One in seven children struggles to write his or her own name after a year at primary school, show official figures.
The Government analysis of 556,000 children showed that almost 80,000 five-year-olds struggle to hold a pen properly or form basic words such as "mum", "dad" and "cat".
Thousands more cannot say the alphabet or count to ten.
The figures were made at the end of the foundation stage before the kids move into Year One.
According to the research, some 14 per cent had problems with basic writing, meaning they could not spell their first name and compose a simple shopping list or letter to Father Christmas.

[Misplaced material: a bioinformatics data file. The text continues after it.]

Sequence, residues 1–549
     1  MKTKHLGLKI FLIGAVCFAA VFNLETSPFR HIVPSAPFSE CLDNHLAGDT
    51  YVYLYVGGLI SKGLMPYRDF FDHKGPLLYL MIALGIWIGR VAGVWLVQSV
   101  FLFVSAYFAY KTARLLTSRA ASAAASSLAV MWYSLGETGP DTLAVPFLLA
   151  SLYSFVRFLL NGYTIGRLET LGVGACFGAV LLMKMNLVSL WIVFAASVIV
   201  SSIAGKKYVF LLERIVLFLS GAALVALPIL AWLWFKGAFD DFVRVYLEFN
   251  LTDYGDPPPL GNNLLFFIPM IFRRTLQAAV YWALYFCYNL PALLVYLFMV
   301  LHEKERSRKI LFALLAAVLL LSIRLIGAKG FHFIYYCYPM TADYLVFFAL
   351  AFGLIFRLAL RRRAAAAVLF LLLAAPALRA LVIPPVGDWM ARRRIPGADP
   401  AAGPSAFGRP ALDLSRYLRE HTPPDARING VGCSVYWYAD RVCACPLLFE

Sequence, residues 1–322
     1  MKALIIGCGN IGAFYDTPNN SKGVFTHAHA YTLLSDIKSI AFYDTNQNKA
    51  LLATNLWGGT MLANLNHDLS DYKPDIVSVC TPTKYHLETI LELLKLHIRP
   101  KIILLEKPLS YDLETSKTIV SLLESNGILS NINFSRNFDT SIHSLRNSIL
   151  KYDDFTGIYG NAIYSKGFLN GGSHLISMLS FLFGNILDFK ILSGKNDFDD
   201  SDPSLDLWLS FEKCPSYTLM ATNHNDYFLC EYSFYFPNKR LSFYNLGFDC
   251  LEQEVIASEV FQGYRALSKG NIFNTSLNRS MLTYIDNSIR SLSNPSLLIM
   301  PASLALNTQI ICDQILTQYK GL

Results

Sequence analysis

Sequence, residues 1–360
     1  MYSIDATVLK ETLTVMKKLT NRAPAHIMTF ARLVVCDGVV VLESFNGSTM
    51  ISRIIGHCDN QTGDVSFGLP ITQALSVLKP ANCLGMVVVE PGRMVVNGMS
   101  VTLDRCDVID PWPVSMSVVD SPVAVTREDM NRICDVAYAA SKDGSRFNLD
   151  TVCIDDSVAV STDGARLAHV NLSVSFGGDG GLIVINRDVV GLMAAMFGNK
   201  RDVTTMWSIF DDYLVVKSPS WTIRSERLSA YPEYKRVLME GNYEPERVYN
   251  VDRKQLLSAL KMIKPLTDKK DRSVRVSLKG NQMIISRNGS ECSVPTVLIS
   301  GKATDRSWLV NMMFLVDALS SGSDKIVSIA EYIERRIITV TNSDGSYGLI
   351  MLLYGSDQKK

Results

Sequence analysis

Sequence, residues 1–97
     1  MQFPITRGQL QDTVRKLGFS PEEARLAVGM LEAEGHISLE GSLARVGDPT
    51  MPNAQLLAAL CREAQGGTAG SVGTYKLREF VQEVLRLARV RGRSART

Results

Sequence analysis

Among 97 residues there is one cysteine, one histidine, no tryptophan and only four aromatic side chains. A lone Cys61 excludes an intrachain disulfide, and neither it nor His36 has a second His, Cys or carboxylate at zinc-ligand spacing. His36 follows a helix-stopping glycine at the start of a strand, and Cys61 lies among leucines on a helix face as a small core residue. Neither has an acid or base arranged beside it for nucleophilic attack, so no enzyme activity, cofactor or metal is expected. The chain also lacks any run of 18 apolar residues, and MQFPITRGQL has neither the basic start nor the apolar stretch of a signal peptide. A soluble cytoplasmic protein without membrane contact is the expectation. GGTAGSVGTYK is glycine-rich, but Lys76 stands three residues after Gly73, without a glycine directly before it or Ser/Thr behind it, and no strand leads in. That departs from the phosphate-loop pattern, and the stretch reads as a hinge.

Eleven per cent could not say the alphabet. Nine per cent failed to understand that addition meant counting two different groups, while three per cent could not count to at least 10.
"These disturbing figures show that the department have missed their targets and children are falling back in almost every area of development," Telegraph quoted Maria Miller, shadow families minister, as saying.
"It is unacceptable that the Government is still failing to give children, particularly from the most deprived backgrounds, the best start in life," the leader added.